How To Make Your Garden Wildlife-Friendly

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If you’ve got a house with a large garden, it’s likely that you live somewhere away from a major city. When you live in the country, you can take advantage of the fact that you’ll see local wildlife. What you might not realise is that you can invite the wildlife into your garden!

Humans and wildlife have lived alongside each other for millions of years. But, the sad truth is that commercial development has driven birds and animals away. You might be wondering why you should let the local wildlife visit and take refuge in your garden.

Well, for a start it means they’ll have a greater chance of survival. And, second, it’s nice for people to be “at one” with the local wildlife. There are all kinds of creatures great and small that could say hello to you in your garden. This handy guide will show you how to make that happen:

Consider the habitats you wish to create

Before you do any physical work in your garden, you need to start with the theory side of things! First of all, you must think about the kinds of habitats you want to make for the local wildlife.

For example, long grass provides the perfect habitat for egg laying. Trees and shrubs also help to create areas for nesting birds.

Don’t make your garden crowded

You might wish to create an environment suitable for many birds and animals in your garden. But, you could be in danger of crowding things up! The best thing to do is plan your garden but leave adequate space between each section.

That way, the garden gets kept manageable and pleasing to the eye. Don’t cram in all kinds of habitats.

Add some bird feeders

You’ll no doubt want to make sure that the local wildlife gets fed and watered when they come to visit your garden. For birds, the best thing you can do is add some bird feeders high up from the ground.

I recommend ones that have a mesh around the food so that animals like squirrels don’t steal the food! You can leave them some food separately on the ground.

Make a note of the wildlife that visits your garden

I recommend writing down the types of animals and birds that visit your garden in the year. It’s usually easy to identify animals like badgers, rabbits and squirrels, for example. But, what about birds?

Sometimes it can be hard to determine a bird from its markings. The good news is that it’s easier using bird song identification techniques. You can even use smartphone apps to record their sounds, and they’ll tell you what types of birds they are!

Maintain your garden

Last, but not least, it’s crucial you attend to your garden. The last thing you want to do is turn it into a wild forest! During the warmer months of the year, you’ll have to spend more time cutting the grass.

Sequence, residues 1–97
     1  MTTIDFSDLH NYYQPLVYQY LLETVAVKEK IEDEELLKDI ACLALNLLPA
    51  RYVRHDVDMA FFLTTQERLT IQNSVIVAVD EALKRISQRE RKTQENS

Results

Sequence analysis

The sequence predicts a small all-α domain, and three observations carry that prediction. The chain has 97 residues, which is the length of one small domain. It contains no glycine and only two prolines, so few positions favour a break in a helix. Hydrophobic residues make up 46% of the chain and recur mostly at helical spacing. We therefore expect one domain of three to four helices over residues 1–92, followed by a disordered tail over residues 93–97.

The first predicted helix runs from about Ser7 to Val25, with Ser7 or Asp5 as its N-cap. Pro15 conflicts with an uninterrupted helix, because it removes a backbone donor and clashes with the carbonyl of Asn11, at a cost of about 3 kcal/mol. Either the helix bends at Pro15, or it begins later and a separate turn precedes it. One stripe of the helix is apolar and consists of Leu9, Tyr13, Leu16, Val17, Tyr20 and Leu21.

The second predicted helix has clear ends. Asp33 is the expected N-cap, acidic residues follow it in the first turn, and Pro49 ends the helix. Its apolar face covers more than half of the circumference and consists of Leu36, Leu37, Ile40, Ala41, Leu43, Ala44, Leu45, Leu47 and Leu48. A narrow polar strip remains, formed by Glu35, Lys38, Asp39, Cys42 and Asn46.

You should also prune any plants and get rid of weeds.


How To Make Your Garden Wildlife-Friendly

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If you’ve got a house with a large garden, it’s likely that you live somewhere away from a major city. When you live in the country, you can take advantage of the fact that you’ll see local wildlife. What you might not realise is that you can invite the wildlife into your garden!

Humans and wildlife have lived alongside each other for millions of years. But, the sad truth is that commercial development has driven birds and animals away. You might be wondering why you should let the local wildlife visit and take refuge in your garden.

Well, for a start it means they’ll have a greater chance of survival. And, second, it’s nice for people to be “at one” with the local wildlife. There are all kinds of creatures great and small that could say hello to you in your garden. This handy guide will show you how to make that happen:

Consider the habitats you wish to create

Before you do any physical work in your garden, you need to start with the theory side of things! First of all, you must think about the kinds of habitats you want to make for the local wildlife.

For example, long grass provides the perfect habitat for egg laying. Trees and shrubs also help to create areas for nesting birds.

Don’t make your garden crowded

You might wish to create an environment suitable for many birds and animals in your garden. But, you could be in danger of crowding things up! The best thing to do is plan your garden but leave adequate space between each section.

That way, the garden gets kept manageable and pleasing to the eye. Don’t cram in all kinds of habitats.

Add some bird feeders

You’ll no doubt want to make sure that the local wildlife gets fed and watered when they come to visit your garden. For birds, the best thing you can do is add some bird feeders high up from the ground.

I recommend ones that have a mesh around the food so that animals like squirrels don’t steal the food! You can leave them some food separately on the ground.

Make a note of the wildlife that visits your garden

I recommend writing down the types of animals and birds that visit your garden in the year. It’s usually easy to identify animals like badgers, rabbits and squirrels, for example. But, what about birds?

Sometimes it can be hard to determine a bird from its markings. The good news is that it’s easier using bird song identification techniques. You can even use smartphone apps to record their sounds, and they’ll tell you what types of birds they are!

Maintain your garden

Last, but not least, it’s crucial you attend to your garden. The last thing you want to do is turn it into a wild forest! During the warmer months of the year, you’ll have to spend more time cutting the grass.

You should also prune any plants and get rid of weeds.


Image Source: http://www.geograph.org.uk/photo/239791


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